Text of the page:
What should I keep in mind when connecting my router?
With most internet providers, you receive a modem/router to set up a (WiFi) network in your home. Before you connect your router to your provider's modem with router function, you must put the modem/router in bridge mode. This disables the router function. To understand why that's necessary, it's useful to know the difference between a modem and a router.
1. The modem translates
The internet enters your home via a modem. The modem translates the analog signal of your cable provider to a digital signal that your computer understands. This gives you access to the internet. You usually only get 1 IP address from your provider. You can use this to bring one device online. To connect multiple devices to the internet, you need a router.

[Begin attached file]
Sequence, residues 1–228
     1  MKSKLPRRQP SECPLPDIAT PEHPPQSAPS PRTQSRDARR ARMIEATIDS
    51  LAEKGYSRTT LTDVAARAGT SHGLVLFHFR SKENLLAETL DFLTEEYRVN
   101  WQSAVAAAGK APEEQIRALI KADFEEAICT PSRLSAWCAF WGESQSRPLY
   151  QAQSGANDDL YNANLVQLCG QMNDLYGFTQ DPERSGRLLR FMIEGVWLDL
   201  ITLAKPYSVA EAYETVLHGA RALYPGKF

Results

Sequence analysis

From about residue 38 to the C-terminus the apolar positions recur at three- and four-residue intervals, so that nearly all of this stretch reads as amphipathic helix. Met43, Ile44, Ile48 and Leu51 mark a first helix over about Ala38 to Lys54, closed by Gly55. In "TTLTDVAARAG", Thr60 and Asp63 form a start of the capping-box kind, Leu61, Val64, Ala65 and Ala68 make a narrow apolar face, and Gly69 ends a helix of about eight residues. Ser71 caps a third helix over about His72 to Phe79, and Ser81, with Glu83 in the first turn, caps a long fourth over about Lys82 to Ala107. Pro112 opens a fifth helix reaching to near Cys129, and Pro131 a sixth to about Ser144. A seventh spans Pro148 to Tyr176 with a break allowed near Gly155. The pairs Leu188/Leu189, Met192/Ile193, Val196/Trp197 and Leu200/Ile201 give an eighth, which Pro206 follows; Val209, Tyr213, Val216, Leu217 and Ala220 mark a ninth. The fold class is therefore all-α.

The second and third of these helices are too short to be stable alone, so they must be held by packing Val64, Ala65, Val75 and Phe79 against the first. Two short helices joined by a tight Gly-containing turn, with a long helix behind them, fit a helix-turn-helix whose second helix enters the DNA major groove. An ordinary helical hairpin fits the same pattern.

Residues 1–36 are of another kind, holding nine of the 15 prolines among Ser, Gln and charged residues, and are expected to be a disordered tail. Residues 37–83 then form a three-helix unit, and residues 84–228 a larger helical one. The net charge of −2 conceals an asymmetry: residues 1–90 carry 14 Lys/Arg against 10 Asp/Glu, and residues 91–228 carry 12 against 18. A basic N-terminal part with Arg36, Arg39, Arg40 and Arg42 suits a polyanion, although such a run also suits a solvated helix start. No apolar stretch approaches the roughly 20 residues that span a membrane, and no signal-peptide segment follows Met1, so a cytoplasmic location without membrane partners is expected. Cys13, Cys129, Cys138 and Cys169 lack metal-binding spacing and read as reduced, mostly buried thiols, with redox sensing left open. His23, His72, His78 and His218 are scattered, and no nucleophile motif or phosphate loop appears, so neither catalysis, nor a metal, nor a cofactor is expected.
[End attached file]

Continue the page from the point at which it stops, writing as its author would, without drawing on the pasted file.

2. The router distributes
The router distributes internet traffic so that several devices can be online at the same time. The router's DHCP server assigns an IP address to each device, allowing you to send data to and from the device.
3. Bridge the router function of your modem
When you connect a router to your modem/router, 2 DHCP servers automatically get started with internet traffic. Compare it to a busy intersection with 2 traffic controllers that can't consult each other. The ingredients for complete chaos.
Because you don't want two captains on one ship, it's better to override one DHCP server. This is called the bridge mode. This turns off the router function of the modem/router. This way the device only transmits one IP address and you change it into a simple modem.
With some providers, it's not possible to turn on the bridge mode yourself. Contact your internet provider to learn how to set this function on your router.